Reading Felix Salmon's follow up to the NY Magazine article on Investing in Toxic Assets prompted me to issue a rebuttal. If you are immediately afraid of investment opportunities based on media portrayal, this article is not for you. If you are willing to search through facts and perform simple arithmetic in order to out-perform the market, you may want to keep reading.
So.... what is toxic? Toxic to who? How does that impact making money? Let's pretend you are a bank who lends someone $100 at 6%. What is the best outcome that can happen? Well, you eventually receive your $100 back with the 6% interest. Simple economics of a bond, I know.
So one day after the credit crises and during the recession, the Bank wakes up and realizes it will not receive their full $100 of principal back. Let’s say that based on all available information they expect to receive $95 back. If this hypothetical example were a mortgage-backed security, it would be rated CCC by the rating agencies. If there is even one penny of principal not expected to be received, it is immediately a CCC. The CCC rating does not tell you whether the rating agency projects 99% of principal back or 1% back.
Now, let’s take this a step further and assume an investor buys this $100 loan for $62 dollars. What is the best scenario for this investor? Clearly, she could receive $100 back in addition to the 6% coupon. Now does it matter if she only receives $70 or $80 back? No, in fact depending on the holding period, that would still be a fairly attractive return on investment – not even taking into consideration the 6% coupon. Would this loan, that may only return 80% of the original principal back be toxic to a Bank who purchased originated it at $100? Yes. Is it toxic to the investor, who is indifferent to credit ratings, and receives more than her $62 purchase price? Absolutely not.
What does this have to do with TSI? They have spotted the very attractive opportunities available in non-agency MBS, and have made them a primary holding in their closed end TSI fund. Based on portfolio manager Jeffrey Gundlach’s conference call last week (according to memory), their average purchase price is $62 cents on the dollar. Let’s take a look at one of their top holdings:
This one is titled WFMBS 2007 - 8 2A10 – in other words a Wells Fargo mortgage backed security originated in 2007. It is currently rated a CCC by both Fitch and S&P. Remember, a CCC tells you that they expect it to receive less than 100% of principal – not how much.
If we look at the collateral statistics (i.e. – how each individual loan is performing, taken from Bloomberg), we will see that out of the 3,658 loans, only 6.5% are delinquent greater than 60 days. These loans have an average credit score of 744. Let’s assume that 100% of the loans that are greater than 60 days delinquent will default. Furthermore, the average 12 month severity is 40%. This means that ONCE a loan defaults 40 cents on the dollar are lost – so only 60 cents will be returned to the bondholder. Multiply 6.5% (the current delinquencies greater than 60 days) by 40%. That gives you losses of 2.6%. Would our bond take this 2.6% loss? No – we have 4% of credit support – meaning 4% of the deal is below us to absorb losses.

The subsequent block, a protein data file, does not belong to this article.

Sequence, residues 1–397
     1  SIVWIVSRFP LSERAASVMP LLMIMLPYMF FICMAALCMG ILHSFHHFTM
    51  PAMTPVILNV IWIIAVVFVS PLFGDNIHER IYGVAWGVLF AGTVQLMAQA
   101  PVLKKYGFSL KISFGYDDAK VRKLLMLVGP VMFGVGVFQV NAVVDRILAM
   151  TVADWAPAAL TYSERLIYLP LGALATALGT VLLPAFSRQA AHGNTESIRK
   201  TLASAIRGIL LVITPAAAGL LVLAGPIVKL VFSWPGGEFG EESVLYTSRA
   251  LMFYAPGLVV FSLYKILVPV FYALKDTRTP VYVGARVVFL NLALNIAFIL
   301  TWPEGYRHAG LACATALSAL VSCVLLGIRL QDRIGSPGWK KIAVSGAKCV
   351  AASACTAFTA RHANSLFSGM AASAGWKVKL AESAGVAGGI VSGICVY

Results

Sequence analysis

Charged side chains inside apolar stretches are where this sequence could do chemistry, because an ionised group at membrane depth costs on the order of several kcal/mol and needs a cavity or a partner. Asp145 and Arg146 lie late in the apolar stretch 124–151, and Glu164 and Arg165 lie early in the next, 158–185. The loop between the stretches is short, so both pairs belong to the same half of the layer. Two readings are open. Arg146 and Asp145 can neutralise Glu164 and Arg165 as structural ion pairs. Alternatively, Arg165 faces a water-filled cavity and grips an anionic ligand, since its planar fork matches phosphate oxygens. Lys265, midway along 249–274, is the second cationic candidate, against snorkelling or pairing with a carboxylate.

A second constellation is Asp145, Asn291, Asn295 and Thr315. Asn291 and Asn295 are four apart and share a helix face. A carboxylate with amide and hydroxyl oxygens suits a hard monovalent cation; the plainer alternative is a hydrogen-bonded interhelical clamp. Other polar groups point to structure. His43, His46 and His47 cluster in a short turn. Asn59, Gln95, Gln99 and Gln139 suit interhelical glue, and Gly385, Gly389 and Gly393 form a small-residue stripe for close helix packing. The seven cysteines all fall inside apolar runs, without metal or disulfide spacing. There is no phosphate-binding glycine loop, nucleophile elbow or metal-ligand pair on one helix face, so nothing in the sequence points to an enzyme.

You might say that my math does not account for future delinquencies. You are correct. Now, let’s use a cash flow engine to compute the amount of losses to maturity. We will assume the economy does not recover and that defaults and losses will stay flat. What are the results if you run this out to maturity? It shows 0% of losses to this bond, with a Yield of 13.5% assuming a purchase price of $62.
Even if things get worse, look at the huge buffer the average investment has in this fund. In this particular bond, 94% of borrowers are current. After going through this recession, I believe it would be safe to assume that these 94% of borrowers are good credits. Even if a draconian situation were to arise, a huge margin of safety is built in due to the credit support and purchase price at a discount. Now this is the awful investing advice that the aforementioned blogger was ranting about? Despite being a different asset class, aren't these same principles of "margin of safety" employed by famous investors such as Buffett, Berkowitz, etc...? It's not that I think these skeptics are wrong, I just think they are wrong!
The average person does not have the time or expertise to understand this level of detail, but TSI has management that does, and they have produced alpha on a year in and year out basis.
Is this fund starting to sound attractive? We are not done yet, consider the following facts:
-TSI is trading at an 11% discount to NAV as of last week. Therefore, you are buying into to these assets at an even greater discount.
-They have a current borrowing facility in place to borrow at ~1%. Gundlach stated on the call that the average yield on this portfolio is in the 19% range. So on the borrowed portion; you are earning a significant arbitrage.
-They have targeted to pay-out a 7% dividend based on the NAV. Given the monster income they are generating, it could be reasonably concluded that they will pay out a special dividend in the coming quarters.
-Like any bond fund, there is interest rate risk. Should rates go up the bond prices will go down. However, if rates go up it will likely indicate that the economy is recovering which will lower defaults and severity – thus helping the fund in other aspects.
-I strongly encourage you to read the transcript of the TSI call from last week. He gives much more detail and granularity into the fund than this article.
In conclusion, this may or may not be a suitable investment opportunity for you. That being said, amazing opportunities like these are created when fear and panic cause investors to disregard this asset class based on the “toxic” label. The question remain, who is this toxic for?
Disclosure: Long TSI